“If you could design a set of sights from scratch, what would you make,” asked Jacob. As simple as that question sounds, the answer was not simple at all. Mainly because said pistol sights would not just be for me, but for everyone else in the shooting world.
How do you come up with a design for shooters of all skill levels? From law enforcement to military, to the armed citizen. The pistol sights will be for shooters that not only need to meet departmental and agency qualification courses. They will also be there to save their lives and the lives of others in the gravest extreme. I was not going to take this task lightly. My task was not simply to reinvent the wheel, but to create a design that was truly universal.
Real World Questions and Dilemmas
One of the biggest stumbling blocks for me was to address perception versus reality. Having been a law enforcement officer for two decades, I understood the perception that the average police officer has regarding pistol sights of unconventional shapes and designs. In the minds of most, they need standard square post/square notch rear sights so they can get passing scores or even expert scores on their marksmanship qualification tests. The perception remains that unconventional or “express” sights are okay for close up, but not good enough for precision marksmanship. While I know that to be a false assumption, I am again fighting a deeply entrenched perception.
Also, 3-Dot sights, whether painted or Tritium, while perceived by the shooting public as the “best option” are genuinely the exact opposite. These sights are actually the worst set up for a fighting/self-defense handgun. These 3-Dot sights either put twice as much light reflecting or light producing (in the case of Tritium) material closer to the shooter’s eye than the all-important front sight. Of the two sights, seeing the front sight clearly and quickly is a hundred times more critical than seeing a bright, clear rear sight.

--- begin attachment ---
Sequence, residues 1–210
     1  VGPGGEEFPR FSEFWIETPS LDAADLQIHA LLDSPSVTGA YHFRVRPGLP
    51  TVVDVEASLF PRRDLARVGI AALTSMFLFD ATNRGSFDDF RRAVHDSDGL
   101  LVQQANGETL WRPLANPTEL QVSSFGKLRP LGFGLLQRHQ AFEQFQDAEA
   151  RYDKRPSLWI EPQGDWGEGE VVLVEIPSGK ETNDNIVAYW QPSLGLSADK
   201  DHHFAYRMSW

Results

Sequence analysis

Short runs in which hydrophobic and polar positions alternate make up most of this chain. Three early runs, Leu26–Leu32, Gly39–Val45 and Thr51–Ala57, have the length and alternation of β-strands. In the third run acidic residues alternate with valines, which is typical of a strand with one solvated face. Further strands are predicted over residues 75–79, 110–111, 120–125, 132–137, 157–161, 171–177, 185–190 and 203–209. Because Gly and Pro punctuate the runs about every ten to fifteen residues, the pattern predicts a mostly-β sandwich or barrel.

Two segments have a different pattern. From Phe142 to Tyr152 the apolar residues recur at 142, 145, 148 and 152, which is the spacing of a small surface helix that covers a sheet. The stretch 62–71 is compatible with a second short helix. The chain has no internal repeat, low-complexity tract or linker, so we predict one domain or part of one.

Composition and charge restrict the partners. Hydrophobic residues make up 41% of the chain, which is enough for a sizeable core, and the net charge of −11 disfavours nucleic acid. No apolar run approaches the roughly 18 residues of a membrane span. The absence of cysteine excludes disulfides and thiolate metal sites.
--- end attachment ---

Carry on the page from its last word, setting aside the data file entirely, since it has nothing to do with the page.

However, again we have a perception problem. The average handgun buyer does not have the education and experience to come to the aforementioned conclusion on their own. Instead, someone sells them on the “line up the 3 dots” over-simplified pitch or a self-imposed perception.
Also, there is the complaint that some sights on certain police duty pistols did not offer point of aim/point of impact results with the ammunition supplied to law enforcement officers. This was another area that needed addressing.
In addition to all of the previous issues, some factory installed sights are sloped, slanted, or made of plastic or other less-than-robust material. Again, real issues to be addressed.
My challenge was to come up with a sight configuration that would:
- be palatable to law enforcement officers (both rookie and seasoned) who needed to both qualify and fight with their handguns